Nobody asked but …
As usual, when some kind of catastrophe strikes — Hurricane Harvey in this instance — anti-market types will pipe up with “I’ll tell you so” shots such as “Who will save the people of Houston now? The market?” My response is “Exactly!” If the market doesn’t arise in Houston post-Harvey, Houston will remain a wrecked city ad infinitum. Any adherent of Henry Hazlitt’s Economics in One Lesson knows that in any event, there is always a short term and a long term. Certainly, the market must cause the long term recovery of Houston. This is not to say that government has no role, but it is just one of the methods of allocation of resources that a market provides. The state is not a replacement for the market, it is a mechanism of the market. And the market is not constrained to use the state in any element of its phenomena. But what about the short term, the statist cries? To be sure, the Coast Guard is doing good work, but it is outnumbered by a wide margin with both formal and informal volunteers. And all rescue workers must use resources provided by the market. Where does the bottled water come from? The parts and fuel for the helicopters? The food for the victims? The cots? The clothes? Government doesn’t have the time it takes to assemble these resources. The market has been assembling resources since the dawn of man.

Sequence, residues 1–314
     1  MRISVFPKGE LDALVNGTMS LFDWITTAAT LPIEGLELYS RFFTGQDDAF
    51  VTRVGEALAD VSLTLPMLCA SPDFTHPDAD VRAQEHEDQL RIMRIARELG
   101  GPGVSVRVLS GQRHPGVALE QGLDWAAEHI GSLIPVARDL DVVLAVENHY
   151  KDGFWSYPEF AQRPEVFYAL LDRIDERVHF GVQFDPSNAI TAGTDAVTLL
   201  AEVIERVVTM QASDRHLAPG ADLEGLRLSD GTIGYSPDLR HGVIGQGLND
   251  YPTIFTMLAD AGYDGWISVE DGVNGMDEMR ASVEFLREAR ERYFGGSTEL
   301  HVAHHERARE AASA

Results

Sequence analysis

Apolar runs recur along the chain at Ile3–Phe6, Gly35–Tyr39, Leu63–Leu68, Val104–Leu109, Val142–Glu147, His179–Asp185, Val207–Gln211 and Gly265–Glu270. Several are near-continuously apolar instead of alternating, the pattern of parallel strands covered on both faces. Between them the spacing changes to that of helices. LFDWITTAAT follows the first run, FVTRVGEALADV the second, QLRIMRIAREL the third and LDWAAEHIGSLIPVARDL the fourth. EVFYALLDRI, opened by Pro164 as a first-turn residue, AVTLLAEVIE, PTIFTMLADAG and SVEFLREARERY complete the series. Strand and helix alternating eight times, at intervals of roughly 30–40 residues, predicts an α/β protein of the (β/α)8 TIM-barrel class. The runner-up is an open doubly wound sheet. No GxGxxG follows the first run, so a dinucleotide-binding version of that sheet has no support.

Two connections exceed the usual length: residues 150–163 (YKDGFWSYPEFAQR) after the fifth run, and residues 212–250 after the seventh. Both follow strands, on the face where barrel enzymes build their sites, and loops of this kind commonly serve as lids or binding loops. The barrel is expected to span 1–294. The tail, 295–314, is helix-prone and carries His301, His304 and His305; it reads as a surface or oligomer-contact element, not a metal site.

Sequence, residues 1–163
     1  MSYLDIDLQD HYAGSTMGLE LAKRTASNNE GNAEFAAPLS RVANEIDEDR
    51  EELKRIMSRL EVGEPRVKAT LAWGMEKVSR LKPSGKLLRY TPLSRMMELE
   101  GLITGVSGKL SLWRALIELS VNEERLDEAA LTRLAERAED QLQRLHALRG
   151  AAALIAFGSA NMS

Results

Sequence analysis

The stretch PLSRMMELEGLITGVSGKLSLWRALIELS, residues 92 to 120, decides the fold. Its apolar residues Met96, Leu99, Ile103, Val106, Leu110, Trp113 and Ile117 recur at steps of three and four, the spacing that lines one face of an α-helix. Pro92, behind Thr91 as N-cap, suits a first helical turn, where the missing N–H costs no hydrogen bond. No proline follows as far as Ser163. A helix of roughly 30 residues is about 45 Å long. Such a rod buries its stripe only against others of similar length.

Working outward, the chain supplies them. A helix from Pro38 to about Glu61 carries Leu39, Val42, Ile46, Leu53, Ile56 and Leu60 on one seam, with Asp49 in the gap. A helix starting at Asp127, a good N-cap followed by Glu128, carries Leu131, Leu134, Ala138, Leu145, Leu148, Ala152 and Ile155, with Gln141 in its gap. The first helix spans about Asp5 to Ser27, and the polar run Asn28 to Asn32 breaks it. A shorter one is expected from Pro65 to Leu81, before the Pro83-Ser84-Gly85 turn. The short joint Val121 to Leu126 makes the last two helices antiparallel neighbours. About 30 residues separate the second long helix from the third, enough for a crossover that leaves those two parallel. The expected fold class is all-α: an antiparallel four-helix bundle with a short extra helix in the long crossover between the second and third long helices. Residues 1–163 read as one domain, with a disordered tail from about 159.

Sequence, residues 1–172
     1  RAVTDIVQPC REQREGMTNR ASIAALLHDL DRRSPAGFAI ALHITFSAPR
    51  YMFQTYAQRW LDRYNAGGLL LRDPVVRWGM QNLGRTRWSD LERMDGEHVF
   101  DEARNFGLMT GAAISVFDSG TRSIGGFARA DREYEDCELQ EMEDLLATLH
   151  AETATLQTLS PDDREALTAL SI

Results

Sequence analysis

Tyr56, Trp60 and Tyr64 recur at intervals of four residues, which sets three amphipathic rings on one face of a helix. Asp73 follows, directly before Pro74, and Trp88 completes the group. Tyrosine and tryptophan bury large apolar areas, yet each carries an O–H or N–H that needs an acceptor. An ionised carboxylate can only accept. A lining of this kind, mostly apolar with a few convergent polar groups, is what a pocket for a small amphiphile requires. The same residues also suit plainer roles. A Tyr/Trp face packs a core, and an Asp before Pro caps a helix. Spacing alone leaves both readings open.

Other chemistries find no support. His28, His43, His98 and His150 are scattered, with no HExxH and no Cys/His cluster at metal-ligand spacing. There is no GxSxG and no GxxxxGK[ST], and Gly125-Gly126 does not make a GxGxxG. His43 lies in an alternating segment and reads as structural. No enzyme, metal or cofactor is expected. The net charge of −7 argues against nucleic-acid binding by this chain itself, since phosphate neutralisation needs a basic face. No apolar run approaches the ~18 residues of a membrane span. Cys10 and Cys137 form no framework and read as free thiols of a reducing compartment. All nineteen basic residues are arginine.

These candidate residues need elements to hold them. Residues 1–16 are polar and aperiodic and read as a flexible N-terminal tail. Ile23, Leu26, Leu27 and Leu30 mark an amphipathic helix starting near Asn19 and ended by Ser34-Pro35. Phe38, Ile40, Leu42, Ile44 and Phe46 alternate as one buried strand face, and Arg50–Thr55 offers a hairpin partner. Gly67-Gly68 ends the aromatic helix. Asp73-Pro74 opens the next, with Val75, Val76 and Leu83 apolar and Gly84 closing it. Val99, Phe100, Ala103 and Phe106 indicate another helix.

— Kilgore Forelle